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Reconstruction era

The architecture and urban planning of the period 1940-1965 represent an important development in Dutch architectural history. This was a period of innovation that saw the advent of new materials and processes. Urban planning experienced the introduction of new land parcelling patterns, new layouts for residential districts and a growth in road traffic.

Warnersblocks, Amsterdam by F.A. Warners and J.Ongenae (1957)Warnersblocks, Amsterdam by F.A. Warners and J.Ongenae (1957)

Repair and renewal

The reconstruction era began immediately after the first aerial bombardments ended in May 1940. The Netherlands managed to rise from the ruins of the Second World War thanks to hard work and innovative design. Repairing the huge damage wrought by the war provided an opportunity for innovation in architecture, urban planning and land use.

Re-evaluation

Now, many years later, we are faced with the challenging of re-evaluating and selectively protecting the new buildings of that time. A lack of knowledge and appreciation means that reconstruction erabuildings may soon be lost forever, or will be irreparably damaged. The Agency gathered the knowledge needed to prevent this through the comprehensive cataloguing and assessment of the architecture and urban planning of the reconstruction era.

Reconstruction era, 1959-1965

The Cultural Heritage Agency has selected the 89 most important and characteristic buildings from the period 1959-1965, part of the post-war reconstruction era. This selection programme follows on from the 'Top 100' from the period 1940-1958.

New selection of post-war heritage sites

Again, the buildings chosen are excellent examples of developments in architecture, construction techniques or site-specific art. The best examples have been chosen in a number of categories, including the economy, pillarisation and the welfare state. Various architectural movements and individual architects have also been considered. Specific attention has been focused on green spaces, details and the use of materials, and on achieving an even regional spread.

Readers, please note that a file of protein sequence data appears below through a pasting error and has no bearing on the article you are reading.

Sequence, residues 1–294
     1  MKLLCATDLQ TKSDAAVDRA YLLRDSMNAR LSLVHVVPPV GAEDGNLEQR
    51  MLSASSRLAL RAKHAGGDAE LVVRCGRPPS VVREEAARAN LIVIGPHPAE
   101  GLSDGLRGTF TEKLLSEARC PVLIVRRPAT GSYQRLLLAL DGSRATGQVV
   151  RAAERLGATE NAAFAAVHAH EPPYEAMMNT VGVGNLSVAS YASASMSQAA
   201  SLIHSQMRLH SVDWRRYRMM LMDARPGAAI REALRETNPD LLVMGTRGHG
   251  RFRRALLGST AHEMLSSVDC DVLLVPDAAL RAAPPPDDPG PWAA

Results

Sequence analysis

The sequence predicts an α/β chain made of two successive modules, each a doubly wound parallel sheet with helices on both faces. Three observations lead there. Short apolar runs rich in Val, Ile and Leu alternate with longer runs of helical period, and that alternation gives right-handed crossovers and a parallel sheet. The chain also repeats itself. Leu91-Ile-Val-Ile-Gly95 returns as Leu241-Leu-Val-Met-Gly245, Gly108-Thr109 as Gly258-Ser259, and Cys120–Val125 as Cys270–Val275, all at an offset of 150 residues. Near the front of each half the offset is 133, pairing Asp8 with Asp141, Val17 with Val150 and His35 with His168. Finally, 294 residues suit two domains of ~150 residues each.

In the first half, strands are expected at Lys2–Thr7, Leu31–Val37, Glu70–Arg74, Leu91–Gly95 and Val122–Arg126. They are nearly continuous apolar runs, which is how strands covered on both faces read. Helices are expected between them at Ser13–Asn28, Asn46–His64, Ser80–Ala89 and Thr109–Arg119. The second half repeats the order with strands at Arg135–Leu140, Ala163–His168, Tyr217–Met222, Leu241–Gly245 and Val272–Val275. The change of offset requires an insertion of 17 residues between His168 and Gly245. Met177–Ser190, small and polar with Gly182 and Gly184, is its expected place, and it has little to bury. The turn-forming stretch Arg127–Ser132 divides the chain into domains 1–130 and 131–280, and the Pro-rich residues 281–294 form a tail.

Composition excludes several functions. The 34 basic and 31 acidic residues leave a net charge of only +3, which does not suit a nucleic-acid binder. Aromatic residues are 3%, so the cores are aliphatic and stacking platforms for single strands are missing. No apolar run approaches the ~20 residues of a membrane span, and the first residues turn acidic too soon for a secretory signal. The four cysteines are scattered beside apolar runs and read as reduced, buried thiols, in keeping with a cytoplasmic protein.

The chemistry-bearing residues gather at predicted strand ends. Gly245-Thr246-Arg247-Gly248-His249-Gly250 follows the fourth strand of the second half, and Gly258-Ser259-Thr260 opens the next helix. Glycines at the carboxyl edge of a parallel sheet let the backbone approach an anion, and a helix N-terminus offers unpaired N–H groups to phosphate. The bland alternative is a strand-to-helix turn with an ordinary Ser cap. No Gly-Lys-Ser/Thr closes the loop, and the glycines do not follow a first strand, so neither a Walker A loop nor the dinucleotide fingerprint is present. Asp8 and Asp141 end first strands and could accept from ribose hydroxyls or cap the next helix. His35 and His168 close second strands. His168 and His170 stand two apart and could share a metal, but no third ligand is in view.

The Agency asked local authorities, provincial heritage services and heritage organisations to suggest additions to its initial survey of objects. Hundreds of new objects were put forward. The Agency assessed the importance of each, and only the very best examples were included in the list. Just 89 of the 700 buildings considered have been found eligible for the status of scheduled monument or historic building.

The final list of 89 leading monuments or historic buildings was announced at Evoluon in Eindhoven on 18 March 2013.

30 designated reconstruction era districts

The government has selected 30 reconstruction era districts that are of national importance. It will protect and develop these districts in collaboration with local authorities. The 30 districts include:

  • reconstructed core areas like the east city centre in Rotterdam
  • post-war residential developments like Pottenberg in Maastricht
  • rural features such as the Northeast Polder

Top 100

In October 2007 100 leading examples of buildings from the period 1940-1958 were nominated for national scheduled historic building status. The Agency is currently preparing for the selection of top buildings from 1959 to 1965.

  • Top 100 with photographs

Reconstruction era database 

The data on all objects catalogued have been entered into a special database.